What are the chances of husband and wife both having breast cancer? We hear how Coral and Emidio Ribeiro are facing his breast cancer diagnosis two years after Coral’s.
Emidio (75) and Coral Ribeiro (70) live in Boksburg, Gauteng. They have three adult children and seven grandchildren.
Due to a terrible infection in her right arm, Coral went to her GP. He treated the infection but told her that she needs to go for a mammogram. “I explained that I went about two years ago and calcifications were found but nothing cancerous. But, he said I needed to go for another one,” Coral says.
The mammogram picked up a lump in the left breast and after a biopsy Coral was diagnosed with a hormonal breast cancer in September 2020. A lumpectomy was performed in November and Coral is on the waiting list for radiation at Charlotte Maxeke Johannesburg Academic Hospital (CMJAH).
“Like most people I was shocked to hear that I had cancer but by the grace of God and all the ‘pink ladies’, I’m still here,” Coral says. Emidio says it was a strange feeling when he heard his wife of 48 years had cancer. “You don’t accept it. For a while, I didn’t believe it but then after one operation and then the next, it all got real and hit home. It was difficult.”
Last year Emidio bumped his chest on the corner of a wall while pottering outside. “It became an open sore that was weeping so we went to the GP where it was dressed and cleaned up on numerous occasions,” Coral explains. “I would put ointment on it and it would look like it was clearly up but then it would just flare-up again,” Emidio says.
“The doctor said that Emidio must also go for a mammogram, however, he was reluctant. Thankfully, I convinced him to go this year in February as I suspected it was breast cancer,” Coral says. The mammogram and sonar showed a lump behind the wound and a biopsy was done on the same day. It was confirmed that Emidio had breast cancer.
Coral has the opinion that Emidio hasn’t really accepted his diagnosis. “We had counselling after the diagnosis but I don’t think it has hit home yet for him.”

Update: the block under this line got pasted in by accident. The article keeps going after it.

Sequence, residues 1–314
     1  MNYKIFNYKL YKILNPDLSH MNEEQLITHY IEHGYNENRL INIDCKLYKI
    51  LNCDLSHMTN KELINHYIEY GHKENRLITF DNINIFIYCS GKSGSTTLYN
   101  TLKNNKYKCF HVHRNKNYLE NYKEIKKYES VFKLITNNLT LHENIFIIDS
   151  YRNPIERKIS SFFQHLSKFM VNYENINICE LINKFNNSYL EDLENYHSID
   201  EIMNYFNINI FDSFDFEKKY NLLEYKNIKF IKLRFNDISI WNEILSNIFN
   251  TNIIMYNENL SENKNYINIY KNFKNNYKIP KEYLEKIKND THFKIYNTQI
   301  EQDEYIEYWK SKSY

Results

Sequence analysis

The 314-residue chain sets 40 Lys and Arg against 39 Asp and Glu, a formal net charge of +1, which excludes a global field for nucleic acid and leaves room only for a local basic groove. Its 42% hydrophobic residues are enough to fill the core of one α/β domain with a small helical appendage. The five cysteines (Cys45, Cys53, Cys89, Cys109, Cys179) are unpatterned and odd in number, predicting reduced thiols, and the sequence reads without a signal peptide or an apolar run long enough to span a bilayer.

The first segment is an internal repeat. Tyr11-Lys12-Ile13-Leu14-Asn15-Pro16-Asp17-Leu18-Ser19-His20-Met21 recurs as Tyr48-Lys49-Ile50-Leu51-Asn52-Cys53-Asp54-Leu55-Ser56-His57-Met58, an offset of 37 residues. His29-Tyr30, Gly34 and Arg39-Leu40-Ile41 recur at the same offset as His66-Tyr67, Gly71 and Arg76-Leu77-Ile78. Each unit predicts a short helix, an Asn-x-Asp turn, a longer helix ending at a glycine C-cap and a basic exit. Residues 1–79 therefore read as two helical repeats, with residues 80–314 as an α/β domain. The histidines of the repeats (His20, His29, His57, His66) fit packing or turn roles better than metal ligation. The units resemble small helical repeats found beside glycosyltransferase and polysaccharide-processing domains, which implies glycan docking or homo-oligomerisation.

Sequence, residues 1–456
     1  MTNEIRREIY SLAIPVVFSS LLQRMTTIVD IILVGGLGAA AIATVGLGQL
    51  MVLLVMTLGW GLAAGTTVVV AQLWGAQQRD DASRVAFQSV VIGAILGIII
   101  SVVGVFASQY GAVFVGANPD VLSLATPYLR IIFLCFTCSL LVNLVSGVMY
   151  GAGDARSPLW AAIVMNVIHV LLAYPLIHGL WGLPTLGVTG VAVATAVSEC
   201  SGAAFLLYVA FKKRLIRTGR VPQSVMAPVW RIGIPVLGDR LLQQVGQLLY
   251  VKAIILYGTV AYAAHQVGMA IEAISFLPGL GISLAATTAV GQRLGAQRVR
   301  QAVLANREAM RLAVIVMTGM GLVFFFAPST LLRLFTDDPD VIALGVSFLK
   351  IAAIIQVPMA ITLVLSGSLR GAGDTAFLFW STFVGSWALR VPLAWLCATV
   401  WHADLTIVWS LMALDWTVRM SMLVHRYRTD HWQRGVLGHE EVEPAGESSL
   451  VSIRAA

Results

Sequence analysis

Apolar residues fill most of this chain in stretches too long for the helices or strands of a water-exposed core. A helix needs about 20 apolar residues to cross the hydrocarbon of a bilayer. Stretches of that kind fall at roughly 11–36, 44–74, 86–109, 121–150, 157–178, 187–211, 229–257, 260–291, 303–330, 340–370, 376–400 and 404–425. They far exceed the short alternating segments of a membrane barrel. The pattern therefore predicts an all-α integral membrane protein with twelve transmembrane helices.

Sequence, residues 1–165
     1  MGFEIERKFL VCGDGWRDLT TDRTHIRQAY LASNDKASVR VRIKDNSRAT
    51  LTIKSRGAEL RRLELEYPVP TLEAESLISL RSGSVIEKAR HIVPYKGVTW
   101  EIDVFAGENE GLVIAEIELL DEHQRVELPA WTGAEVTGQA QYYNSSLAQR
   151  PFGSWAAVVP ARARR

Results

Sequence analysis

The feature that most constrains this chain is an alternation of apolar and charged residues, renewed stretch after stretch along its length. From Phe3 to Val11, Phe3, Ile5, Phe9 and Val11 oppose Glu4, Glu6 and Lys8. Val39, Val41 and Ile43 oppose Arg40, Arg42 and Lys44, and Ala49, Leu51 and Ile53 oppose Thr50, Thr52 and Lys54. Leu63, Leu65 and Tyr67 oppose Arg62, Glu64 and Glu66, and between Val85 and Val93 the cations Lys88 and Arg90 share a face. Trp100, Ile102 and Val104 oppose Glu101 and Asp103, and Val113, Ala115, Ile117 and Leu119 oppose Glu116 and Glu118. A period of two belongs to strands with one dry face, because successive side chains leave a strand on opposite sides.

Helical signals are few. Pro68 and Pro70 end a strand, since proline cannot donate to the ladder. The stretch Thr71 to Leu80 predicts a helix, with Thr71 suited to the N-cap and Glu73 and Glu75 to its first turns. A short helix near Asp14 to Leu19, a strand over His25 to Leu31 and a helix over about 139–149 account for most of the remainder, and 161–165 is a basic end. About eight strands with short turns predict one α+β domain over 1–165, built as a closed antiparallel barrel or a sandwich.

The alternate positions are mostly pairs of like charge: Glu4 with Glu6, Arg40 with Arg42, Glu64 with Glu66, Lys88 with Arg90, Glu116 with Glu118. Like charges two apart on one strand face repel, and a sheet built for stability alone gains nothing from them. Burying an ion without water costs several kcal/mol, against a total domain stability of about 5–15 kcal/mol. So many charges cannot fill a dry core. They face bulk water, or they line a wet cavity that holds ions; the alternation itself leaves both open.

Emidio adds, “I am a faith-based person that is why it took me so long to go for a mammogram because I believed it would get better. I would even speak to it, saying ‘You will get better’ but it didn’t listen. I have accepted it; my body might have cancer in it but my soul doesn’t, and I will do what I have to do to fight it.”
Emidio’s mastectomy took place in March and a decision will be made as to whether he requires further treatment after surgery.
Family history of cancer
A big inspiration for Emidio to beat his cancer is his younger brother. “My brother has colon cancer which has spread to the liver and whenever I see him he looks so good and is so positive so if he can do it, so can I. I might be the older brother but I see him being more mature,” Emidio says.
Other family members also have had cancer. Emidio’s mother, who is 98, had skin cancer. Twenty years ago, his younger sister passed away from metastatic breast cancer, at age 39, and his older sister, in Portugal, also had breast cancer.
Due to this family history, genetic testing (BRCA gene) was discussed in the counselling session.
Blood pressure struggles
Emidio says he isn’t feeling ill but the open wound is painful. His blood pressure is also causing double vision and dizziness. “We used to pick up our granddaughter from school but
we have asked our daughter to make other arrangements until the surgery is done and his blood pressure is under control,” Coral says. “The breast specialist says the high blood pressure is most probably due to the anxiety of being around doctors, which is known as white coat syndrome.” Coral adds that Emidio has lost about 10kg.
Even though Coral and Emidio have faced two breast cancer diagnoses in two years, the couple have an optimistic outlook on life and say their faith is the only thing that can get them throughthis. And, most importantly, they are supportive of each other. Coral was supposed to have knee surgery in March, due to osteoarthritis (she has already had hip replacements) but she has delayed it so she can focus on her husband and his healing.
“He will have the mastectomy and he will be fine and we will be fine,” she concludes.
Photos by LuciaB Photography | Facebook @luciabphoto | Venue: Thank you to Jaqui Nel for the use of her garden.
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Laurelle Williams is the editor at Word for Word Media. She graduated from AFDA with a Bachelor of Arts Honours degree in Live Performance. She has a love for storytelling and sharing emotions through the power of words. Write to email@example.com